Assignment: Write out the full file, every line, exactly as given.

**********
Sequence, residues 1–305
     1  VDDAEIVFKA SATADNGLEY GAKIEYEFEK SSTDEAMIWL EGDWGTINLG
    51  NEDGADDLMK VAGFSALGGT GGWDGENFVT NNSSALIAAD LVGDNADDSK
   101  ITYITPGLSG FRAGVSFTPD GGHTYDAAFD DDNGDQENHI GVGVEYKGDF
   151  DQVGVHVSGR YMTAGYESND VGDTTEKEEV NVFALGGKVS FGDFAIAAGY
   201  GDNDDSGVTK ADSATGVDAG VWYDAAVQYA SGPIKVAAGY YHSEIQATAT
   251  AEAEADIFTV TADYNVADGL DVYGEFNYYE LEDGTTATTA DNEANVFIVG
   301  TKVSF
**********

Sequence, residues 1–305
     1  VDDAEIVFKA SATADNGLEY GAKIEYEFEK SSTDEAMIWL EGDWGTINLG
    51  NEDGADDLMK VAGFSALGGT GGWDGENFVT NNSSALIAAD LVGDNADDSK
   101  ITYITPGLSG FRAGVSFTPD GGHTYDAAFD DDNGDQENHI GVGVEYKGDF
   151  DQVGVHVSGR YMTAGYESND VGDTTEKEEV NVFALGGKVS FGDFAIAAGY
   201  GDNDDSGVTK ADSATGVDAG VWYDAAVQYA SGPIKVAAGY YHSEIQATAT
   251  AEAEADIFTV TADYNVADGL DVYGEFNYYE LEDGTTATTA DNEANVFIVG
   301  TKVSF